In a video posted Monday online, a group of people calling themselves “America’s Frontline Doctors” and wearing white medical coats spoke against the backdrop of the Supreme Court in Washington, sharing misleading claims about the virus, including that hydroxychloroquine was an effective coronavirus treatment and that masks did not slow the spread of the virus.
The video did not appear to be anything special. But within six hours, President Trump and his son Donald Trump Jr. had tweeted versions of it, and the right-wing news site Breitbart had shared it. It went viral, shared largely through Facebook groups dedicated to anti-vaccination movements and conspiracy theories such as QAnon, racking up tens of millions of views. Multiple versions of the video were uploaded to YouTube, and links were shared through Twitter.
Facebook, YouTube and Twitter worked feverishly to remove it, but by the time they had, the video had already become the latest example of misinformation about the virus that has spread widely.
That was because the video had been designed specifically to appeal to internet conspiracists and conservatives eager to see the economy reopen, with a setting and characters to lend authenticity. It showed that even as social media companies have sped up response time to remove dangerous virus misinformation within hours of its posting, people have continued to find new ways around the platforms’ safeguards.
“Misinformation about a deadly virus has become political fodder, which was then spread by many individuals who are trusted by their constituencies,” said Lisa Kaplan, founder of Alethea Group, a start-up that helps fight disinformation. “If just one person listened to anyone spreading these falsehoods and they subsequently took an action that caused others to catch, spread or even die from the virus — that is one person too many.”
One of the speakers in the video, who identified herself as Dr. Stella Immanuel, said “you don’t need masks” to prevent spread of the coronavirus. She also claimed to be treating hundreds of patients infected with coronavirus with hydroxychloroquine, and asserted that it was an effective treatment. The claims have been repeatedly disputed by the medical establishment.
President Trump repeatedly promoted hydroxychloroquine, a malaria drug, in the early months of the crisis. In June, he said he was taking it himself. But that same month, the Food and Drug Administration revoked emergency authorization for the drug for Covid-19 patients and said it was “unlikely to be effective” and carried potential risks. The National Institutes of Health halted clinical trials of the drug.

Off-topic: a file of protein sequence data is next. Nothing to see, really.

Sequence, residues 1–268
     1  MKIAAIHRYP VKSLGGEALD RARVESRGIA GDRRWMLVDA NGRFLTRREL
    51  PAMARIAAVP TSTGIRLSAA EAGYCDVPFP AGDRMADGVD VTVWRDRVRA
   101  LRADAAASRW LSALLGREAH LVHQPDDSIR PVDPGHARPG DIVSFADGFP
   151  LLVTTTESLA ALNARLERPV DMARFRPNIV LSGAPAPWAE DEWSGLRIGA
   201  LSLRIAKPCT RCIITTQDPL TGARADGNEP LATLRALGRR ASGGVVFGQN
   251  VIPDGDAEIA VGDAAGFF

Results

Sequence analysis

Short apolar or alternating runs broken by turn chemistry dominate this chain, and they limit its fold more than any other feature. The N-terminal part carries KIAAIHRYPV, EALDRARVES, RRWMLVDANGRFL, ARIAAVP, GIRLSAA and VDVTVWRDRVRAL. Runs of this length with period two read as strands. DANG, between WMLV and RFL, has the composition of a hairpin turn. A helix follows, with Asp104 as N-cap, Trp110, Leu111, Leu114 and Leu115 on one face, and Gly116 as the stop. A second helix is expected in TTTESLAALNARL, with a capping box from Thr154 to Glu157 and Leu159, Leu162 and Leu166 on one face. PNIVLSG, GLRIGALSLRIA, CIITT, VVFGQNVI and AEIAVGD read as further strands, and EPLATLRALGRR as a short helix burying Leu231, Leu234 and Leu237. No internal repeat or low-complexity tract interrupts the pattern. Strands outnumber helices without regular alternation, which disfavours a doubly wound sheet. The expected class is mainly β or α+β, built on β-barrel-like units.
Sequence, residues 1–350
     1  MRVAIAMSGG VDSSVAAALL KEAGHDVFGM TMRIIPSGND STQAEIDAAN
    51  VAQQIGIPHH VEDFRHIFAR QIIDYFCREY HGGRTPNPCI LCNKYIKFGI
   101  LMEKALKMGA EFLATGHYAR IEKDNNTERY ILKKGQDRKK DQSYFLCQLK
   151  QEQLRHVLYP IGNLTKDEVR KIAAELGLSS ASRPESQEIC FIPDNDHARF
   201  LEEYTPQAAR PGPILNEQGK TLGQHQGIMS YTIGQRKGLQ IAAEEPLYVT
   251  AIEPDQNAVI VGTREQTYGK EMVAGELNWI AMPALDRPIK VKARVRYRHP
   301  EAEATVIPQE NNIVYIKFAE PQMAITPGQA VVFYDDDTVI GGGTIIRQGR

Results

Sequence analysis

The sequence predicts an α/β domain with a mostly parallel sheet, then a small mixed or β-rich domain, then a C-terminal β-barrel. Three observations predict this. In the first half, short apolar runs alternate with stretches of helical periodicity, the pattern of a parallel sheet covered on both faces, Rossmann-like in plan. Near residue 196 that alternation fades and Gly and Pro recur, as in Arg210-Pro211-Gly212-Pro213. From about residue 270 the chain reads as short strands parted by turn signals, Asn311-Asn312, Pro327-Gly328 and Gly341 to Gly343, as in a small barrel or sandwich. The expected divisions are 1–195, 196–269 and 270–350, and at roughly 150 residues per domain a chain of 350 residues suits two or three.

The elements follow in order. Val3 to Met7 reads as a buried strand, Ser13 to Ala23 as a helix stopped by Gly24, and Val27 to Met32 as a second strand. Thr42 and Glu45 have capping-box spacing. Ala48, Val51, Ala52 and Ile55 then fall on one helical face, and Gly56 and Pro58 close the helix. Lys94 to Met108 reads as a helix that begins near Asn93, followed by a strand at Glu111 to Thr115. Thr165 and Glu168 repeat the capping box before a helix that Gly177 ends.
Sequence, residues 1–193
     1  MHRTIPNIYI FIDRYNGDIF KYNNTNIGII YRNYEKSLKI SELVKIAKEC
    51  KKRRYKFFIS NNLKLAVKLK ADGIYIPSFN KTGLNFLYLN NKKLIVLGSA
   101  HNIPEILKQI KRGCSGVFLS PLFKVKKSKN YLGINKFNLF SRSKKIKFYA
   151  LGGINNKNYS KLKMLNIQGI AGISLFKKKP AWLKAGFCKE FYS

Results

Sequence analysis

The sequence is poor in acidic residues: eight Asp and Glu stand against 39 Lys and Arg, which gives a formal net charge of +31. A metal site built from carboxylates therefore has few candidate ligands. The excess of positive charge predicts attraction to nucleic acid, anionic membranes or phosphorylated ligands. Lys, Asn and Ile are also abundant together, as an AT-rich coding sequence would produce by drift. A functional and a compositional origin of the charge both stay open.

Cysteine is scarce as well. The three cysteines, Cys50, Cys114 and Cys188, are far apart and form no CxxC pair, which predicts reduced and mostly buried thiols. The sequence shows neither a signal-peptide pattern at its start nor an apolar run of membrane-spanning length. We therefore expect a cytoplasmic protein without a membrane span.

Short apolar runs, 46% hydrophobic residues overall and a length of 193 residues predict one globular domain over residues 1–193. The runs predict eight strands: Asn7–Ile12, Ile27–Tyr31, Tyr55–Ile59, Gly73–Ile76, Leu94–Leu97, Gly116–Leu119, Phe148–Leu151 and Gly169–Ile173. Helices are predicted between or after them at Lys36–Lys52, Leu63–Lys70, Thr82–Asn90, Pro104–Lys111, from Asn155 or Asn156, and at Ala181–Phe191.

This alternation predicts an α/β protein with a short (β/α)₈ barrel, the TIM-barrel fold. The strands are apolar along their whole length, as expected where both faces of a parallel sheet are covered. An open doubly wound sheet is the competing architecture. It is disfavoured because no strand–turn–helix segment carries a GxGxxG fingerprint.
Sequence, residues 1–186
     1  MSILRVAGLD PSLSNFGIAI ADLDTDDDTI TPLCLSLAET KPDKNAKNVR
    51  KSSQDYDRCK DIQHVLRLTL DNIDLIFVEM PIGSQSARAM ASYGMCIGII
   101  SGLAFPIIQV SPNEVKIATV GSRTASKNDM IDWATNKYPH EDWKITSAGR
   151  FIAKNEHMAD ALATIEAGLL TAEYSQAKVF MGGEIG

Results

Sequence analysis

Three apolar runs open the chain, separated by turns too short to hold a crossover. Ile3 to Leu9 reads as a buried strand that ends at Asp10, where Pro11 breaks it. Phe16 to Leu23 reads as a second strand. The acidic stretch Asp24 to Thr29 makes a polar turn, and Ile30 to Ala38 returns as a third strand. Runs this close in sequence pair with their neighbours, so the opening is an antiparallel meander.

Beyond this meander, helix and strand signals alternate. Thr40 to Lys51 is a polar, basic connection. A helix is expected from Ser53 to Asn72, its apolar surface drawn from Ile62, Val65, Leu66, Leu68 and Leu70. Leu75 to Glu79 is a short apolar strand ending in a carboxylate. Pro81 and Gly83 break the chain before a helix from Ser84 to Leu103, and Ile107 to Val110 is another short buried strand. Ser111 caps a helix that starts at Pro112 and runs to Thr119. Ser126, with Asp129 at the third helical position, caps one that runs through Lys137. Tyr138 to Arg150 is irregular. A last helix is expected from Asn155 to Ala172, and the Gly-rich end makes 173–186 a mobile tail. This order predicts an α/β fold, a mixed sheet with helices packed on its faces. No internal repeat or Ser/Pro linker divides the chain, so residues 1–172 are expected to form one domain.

In addition, studies have repeatedly shown that masks are effective in curbing the spread of the coronavirus.
The trajectory of Monday’s video mirrored that of “Plandemic,” a 26-minute slickly produced narration that spread widely in May and falsely claimed that a shadowy cabal of elites was using the virus and a potential vaccine to profit and gain power. In just over a week, “Plandemic” was viewed more than eight million times on YouTube, Facebook, Twitter and Instagram before it was taken down.
But the video posted Monday had more views than “Plandemic” within hours of being posted online, even though it was removed much faster. At least one version of the video, viewed by The Times on Facebook, was watched over 16 million times.
Facebook, YouTube, and Twitter deleted several versions of the video on Monday night. All three companies said the video violated their policies on sharing misinformation related to the coronavirus.
On Tuesday morning, Twitter also took action against Donald Trump Jr. after he shared a link to the video. A spokesman for Twitter said the company had ordered Mr. Trump to delete the misleading tweet and said it would “limit some account functionality for 12 hours.” Twitter took a similar action against Kelli Ward, the Arizona Republican Party chairwoman, who also tweeted the video.
No action was taken against the president, who retweeted multiple clips of the same video to his 84.2 million followers Monday night. The original posts have since been removed.
Facebook and YouTube did not answer questions about multiple versions of the video that remained online on Tuesday afternoon. Twitter said it was “continuing to take action on new and existing tweets with the video.”
The members of the group behind Monday’s video say they are physicians treating patients infected with the coronavirus. But it was unclear where many of them practice medicine or how many patients they had actually seen. As early as May, anti-Obamacare conservative activists called the Tea Party Patriots Action reportedly worked with some of them to advocate loosening states’ restrictions on elective surgeries and nonemergency care. On July 15, the group registered a website called “America’s Frontline Doctors,” domain registration records show.
One of the first copies of the video that appeared on Monday was posted to the Tea Party Patriots’ YouTube channel, alongside other videos featuring the members of “America’s Frontline Doctors.”
The doctors have also been promoted by conservatives like Brent Bozell, founder of the Media Research Center, a nonprofit media organization.
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